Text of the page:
In the upcoming December issue of American Farriers Journal, I wrote about a conversation I had with Steve Kraus at the International Equine Conference on Laminitis and Diseases of the Foot. I won’t give a way too much detail from the magazine story, but the head of farrier services at Cornell University’s veterinary clinic explained how he sees too many cases of poor horseshoeing come into his shop.
The problem rests with having a “worker’s mentality, rather than that of a craftsman. According to Kraus, farriers who have burdened themselves with too many horses can easily fall into the worker mentality, without realizing it. Their horses fall into the production mode, corners are cut just to get as much done as quickly as possible. Examples range from the wrong shoe, poorly trimmed foot and ill-fitted shoe, among other problems.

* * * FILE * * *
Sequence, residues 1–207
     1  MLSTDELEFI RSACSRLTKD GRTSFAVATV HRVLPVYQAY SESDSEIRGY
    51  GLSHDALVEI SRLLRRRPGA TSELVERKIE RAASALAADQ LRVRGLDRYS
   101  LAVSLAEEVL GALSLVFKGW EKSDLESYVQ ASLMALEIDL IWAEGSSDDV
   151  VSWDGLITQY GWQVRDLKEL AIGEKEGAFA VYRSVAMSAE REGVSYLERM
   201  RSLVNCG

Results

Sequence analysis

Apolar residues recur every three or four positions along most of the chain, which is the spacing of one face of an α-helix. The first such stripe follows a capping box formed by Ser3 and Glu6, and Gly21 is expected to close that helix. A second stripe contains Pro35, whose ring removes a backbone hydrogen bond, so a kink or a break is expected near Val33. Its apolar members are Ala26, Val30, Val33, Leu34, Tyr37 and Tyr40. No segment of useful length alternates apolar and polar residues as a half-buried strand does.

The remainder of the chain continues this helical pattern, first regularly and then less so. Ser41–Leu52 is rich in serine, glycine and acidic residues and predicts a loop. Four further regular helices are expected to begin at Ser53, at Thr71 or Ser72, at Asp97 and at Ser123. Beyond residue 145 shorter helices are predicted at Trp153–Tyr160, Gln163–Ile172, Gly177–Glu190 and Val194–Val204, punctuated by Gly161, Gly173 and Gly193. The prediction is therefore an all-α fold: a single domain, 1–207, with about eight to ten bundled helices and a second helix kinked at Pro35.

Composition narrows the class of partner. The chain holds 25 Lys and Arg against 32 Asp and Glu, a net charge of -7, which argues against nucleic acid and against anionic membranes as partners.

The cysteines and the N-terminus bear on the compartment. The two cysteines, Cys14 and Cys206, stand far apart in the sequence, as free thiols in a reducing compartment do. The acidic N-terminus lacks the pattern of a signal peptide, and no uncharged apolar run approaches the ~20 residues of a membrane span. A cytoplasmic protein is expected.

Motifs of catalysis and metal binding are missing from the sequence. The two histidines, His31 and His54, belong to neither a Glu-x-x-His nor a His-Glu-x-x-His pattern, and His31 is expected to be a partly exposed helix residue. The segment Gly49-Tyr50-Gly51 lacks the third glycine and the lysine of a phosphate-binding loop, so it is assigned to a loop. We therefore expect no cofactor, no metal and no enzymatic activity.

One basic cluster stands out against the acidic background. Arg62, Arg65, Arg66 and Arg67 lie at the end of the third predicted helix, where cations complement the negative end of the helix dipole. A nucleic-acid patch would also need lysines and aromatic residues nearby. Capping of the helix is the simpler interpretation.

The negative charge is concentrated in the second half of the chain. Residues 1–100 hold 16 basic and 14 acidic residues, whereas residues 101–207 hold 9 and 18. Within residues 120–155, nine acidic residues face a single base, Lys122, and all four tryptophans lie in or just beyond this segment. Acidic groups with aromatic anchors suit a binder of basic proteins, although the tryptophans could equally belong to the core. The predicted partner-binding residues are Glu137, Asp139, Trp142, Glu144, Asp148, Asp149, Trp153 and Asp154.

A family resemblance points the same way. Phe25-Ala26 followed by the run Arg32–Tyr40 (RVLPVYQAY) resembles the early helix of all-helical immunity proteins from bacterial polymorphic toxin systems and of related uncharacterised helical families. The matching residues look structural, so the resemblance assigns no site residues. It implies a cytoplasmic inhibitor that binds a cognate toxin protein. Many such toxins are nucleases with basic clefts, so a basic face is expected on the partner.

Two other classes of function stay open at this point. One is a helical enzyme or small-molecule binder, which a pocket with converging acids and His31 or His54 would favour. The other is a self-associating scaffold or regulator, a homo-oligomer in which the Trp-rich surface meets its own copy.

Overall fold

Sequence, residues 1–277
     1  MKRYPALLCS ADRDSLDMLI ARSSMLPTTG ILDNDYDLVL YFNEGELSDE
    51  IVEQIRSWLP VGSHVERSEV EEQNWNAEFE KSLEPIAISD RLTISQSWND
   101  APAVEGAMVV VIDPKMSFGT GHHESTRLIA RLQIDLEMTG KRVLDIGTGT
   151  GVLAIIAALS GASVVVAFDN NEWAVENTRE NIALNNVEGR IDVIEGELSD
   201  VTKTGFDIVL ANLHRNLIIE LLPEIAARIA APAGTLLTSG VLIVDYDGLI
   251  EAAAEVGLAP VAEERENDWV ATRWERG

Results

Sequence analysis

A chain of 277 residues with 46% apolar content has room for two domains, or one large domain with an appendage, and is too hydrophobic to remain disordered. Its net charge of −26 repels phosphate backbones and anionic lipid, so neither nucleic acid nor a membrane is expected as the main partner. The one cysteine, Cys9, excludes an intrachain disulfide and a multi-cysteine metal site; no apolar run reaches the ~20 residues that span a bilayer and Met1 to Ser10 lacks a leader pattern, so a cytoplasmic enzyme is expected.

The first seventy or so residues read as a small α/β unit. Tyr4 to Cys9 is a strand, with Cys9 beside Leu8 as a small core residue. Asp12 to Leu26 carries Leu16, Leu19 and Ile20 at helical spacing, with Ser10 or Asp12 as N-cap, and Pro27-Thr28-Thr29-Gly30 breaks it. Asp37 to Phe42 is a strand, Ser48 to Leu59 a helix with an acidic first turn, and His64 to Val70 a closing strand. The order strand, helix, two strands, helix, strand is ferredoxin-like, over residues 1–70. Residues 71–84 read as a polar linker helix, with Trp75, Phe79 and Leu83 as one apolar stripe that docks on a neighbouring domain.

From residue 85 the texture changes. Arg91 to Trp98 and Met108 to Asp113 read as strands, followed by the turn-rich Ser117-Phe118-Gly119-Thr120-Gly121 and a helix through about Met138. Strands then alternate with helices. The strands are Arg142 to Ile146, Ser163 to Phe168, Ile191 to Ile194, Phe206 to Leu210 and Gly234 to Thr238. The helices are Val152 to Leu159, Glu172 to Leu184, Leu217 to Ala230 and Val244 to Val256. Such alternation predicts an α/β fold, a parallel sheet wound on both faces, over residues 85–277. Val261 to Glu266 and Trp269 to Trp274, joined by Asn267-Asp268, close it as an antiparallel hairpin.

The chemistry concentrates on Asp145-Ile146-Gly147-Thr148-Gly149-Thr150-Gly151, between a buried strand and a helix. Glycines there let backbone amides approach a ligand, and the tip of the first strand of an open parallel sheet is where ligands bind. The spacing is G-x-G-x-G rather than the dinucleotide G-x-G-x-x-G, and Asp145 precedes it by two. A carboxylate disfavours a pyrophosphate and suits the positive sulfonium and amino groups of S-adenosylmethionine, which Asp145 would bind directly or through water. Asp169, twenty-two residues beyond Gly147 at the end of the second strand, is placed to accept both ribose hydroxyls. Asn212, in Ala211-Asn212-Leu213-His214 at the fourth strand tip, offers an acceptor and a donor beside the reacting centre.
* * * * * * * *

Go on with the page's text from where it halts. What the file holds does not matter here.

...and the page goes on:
It isn’t only the horses that suffer due to the worker mentality, according to Kraus. This also negatively impacts the farriery trade.
For example, cases of incorrect or improper shoeing provide ammunition to barefoot evangelists. They often will jump on these cases and cry that this is what happens when a shoe is applied to a horse’s foot. They ignore the evidence that it is the practitioner’s fault, but instead damn the entire methodology. Individual cases become amalgamated into a trade-wide problem and farriers who shoe are damned. So the understanding that “not all horses need shoes” becomes perverted to “no horses should wear shoes.”
If the temptation exists to take on more horses, make sure it won’t result in too many added to your book. If you can’t provide quality footcare for each one, you could endanger their horses, cheat the client and damage outside perception of the farrier trade.